5 restaurants where the bread is worth the extra bucks

Raid the bread basket at Balena, Nellcote, Allium and more

  • Bacon-and-onion buns at Allium (120 E. Delaware Place)
Bacon-and-onion buns at Allium (120 E. Delaware Place) (Lenny Gilmore/RedEye )
March 30, 2012|By Lisa Arnett, RedEye

The bread basket, plunked down on your table as a free prelude to your meal, is adored by some, ignored by others and shunned by calorie counters everywhere.

Stephanie Izard's Girl & the Goat surprised diners two years ago when it opened with a menu of breads and spreads that you had to (gasp!) order and (double gasp!) pay for. Now a handful more restaurants have followed suit with their own specialty breads.

So in case you were looking for permission, go ahead and fill up on the bread. At these spots, it's worth the few extra bucks.

120 E. Delaware Place. 312-799-4900

A more laid-back reboot of the Four Seasons Hotel's restaurant Seasons, Allium features chef Kevin Hickey's twists on feel-good classics, like a $14 Chicago-style hot dog topped with "homemade everything." But one of the best deals on the menu might be the bacon and onion buns ($4, pictured). Pastry chef Scott Gerken blends sauteed onions and bits of bacon into his bread dough before it rises, and then tops it off with a strip of raw bacon that crisps up as the bread bakes. The result is four pull-apart buns overflowing from the cutest cherry-red casserole dish, with a disc of butter on the side.

1633 N. Halsted St. 312-867-3888

While chef Chris Pandel is busy making all his own pastas from scratch at this Italian-inspired Lincoln Park restaurant, in-house baker Peter Becker is working his magic with the bread. Though what's filling the $5 basket will change seasonally, right now it's stuffed with ramp crostini, flaky lemon-pepper challah, a nugget of walnut bread and roasted garlic semolina that's cleverly baked in the shape of a garlic clove. Tear into them all mix-and-match with dips such as olive oil, whipped ricotta and bagna cauda, an addictive Italian dipping sauce made with anchovies and garlic.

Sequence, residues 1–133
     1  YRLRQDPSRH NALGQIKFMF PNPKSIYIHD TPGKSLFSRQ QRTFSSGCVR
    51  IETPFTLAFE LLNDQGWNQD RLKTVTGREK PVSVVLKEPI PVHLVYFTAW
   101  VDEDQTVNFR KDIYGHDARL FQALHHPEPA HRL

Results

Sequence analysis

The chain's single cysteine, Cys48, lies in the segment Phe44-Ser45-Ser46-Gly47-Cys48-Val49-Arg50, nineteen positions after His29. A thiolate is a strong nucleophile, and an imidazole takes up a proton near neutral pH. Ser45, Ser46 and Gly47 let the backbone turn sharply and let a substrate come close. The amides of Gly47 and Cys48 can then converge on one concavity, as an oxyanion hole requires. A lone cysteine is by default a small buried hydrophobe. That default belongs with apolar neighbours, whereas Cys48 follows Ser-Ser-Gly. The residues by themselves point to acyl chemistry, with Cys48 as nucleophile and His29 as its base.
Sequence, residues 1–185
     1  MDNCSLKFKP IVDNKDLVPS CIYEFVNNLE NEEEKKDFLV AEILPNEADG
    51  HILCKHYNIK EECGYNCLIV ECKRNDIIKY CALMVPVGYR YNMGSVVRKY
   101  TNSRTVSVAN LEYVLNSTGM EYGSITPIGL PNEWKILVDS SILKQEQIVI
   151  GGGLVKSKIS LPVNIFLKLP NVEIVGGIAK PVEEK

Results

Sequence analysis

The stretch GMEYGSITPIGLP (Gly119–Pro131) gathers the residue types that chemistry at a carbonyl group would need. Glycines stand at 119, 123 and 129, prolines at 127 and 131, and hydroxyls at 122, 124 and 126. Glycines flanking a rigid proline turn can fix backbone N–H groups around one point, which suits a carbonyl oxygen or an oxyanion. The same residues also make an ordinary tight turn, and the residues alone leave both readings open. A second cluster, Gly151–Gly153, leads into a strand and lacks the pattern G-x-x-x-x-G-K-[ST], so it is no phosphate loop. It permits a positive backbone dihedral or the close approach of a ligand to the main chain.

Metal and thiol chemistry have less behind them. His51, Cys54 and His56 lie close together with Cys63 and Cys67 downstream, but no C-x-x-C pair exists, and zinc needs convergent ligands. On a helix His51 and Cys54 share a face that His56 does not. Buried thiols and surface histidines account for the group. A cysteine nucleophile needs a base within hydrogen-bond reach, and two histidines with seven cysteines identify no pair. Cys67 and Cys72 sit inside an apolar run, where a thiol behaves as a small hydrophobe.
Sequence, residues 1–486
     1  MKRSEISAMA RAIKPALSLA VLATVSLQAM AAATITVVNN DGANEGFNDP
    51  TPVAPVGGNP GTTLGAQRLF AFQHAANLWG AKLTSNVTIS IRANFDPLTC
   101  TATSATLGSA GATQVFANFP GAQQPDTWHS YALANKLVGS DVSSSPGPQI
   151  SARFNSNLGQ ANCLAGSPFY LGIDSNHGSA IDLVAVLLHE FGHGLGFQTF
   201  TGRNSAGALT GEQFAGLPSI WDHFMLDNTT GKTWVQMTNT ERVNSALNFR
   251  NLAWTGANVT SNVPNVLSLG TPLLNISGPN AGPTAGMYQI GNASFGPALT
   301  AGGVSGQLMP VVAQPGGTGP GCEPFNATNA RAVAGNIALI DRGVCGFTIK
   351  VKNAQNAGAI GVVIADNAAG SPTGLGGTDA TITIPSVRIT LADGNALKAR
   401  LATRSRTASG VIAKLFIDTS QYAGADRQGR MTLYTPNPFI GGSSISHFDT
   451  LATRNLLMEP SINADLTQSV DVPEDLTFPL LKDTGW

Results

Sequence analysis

1023 W. Lake St. 312-243-9770

At this West Loop wine bar, Mark Mendez's menu of Spanish snacks will easily lure you into starting with marinated olives or anchovies with pickled garlic. Try to resist and first order the bread and butter ($6). A sliced loaf of warm boule (that's French for a round loaf of white bread) is really just a vehicle for the rotating trio of flavored butters. Right now, it's garlic, sea salt with black pepper and chicken chicharron. Past options have included chili, sea urchin, duck crackling and anchovy.

RPM Italian
52 W. Illinois St. 312-222-1888

If you're dining in a big group at this sleek River North restaurant, go ahead and put in an order of the truffle garlic bread ($7) while you look over the rest of the massive menu. The split baguette generously dressed with butter, garlic and flecks of parsley is a throwback to what your mom or grandma used to make, hence chef Doug Psaltis' "circa 1963" description on the menu. If you have a hungry friend to go halfsies with, it'd do an equally good job soaking up a glass of vino or two in the bar.

833 W. Randolph St. 312-432-0500

Chef Jared Van Camp is milling Midwest-grown grain into flour for pizza and pasta at his West Loop restaurant, but to taste it in its simplest form, order the trio of fresh breads ($3). There's an almond-shaped baguette with just enough chew, airy focaccia shaped like a cupcake and sprinkled with coarse salt and perfectly flaky chunk of golden-brown brioche. If you run out of the fluffy house-cultured butter, your server will gladly bring out more if you ask nicely.

lmarnett@tribune.com | @redeyeeats

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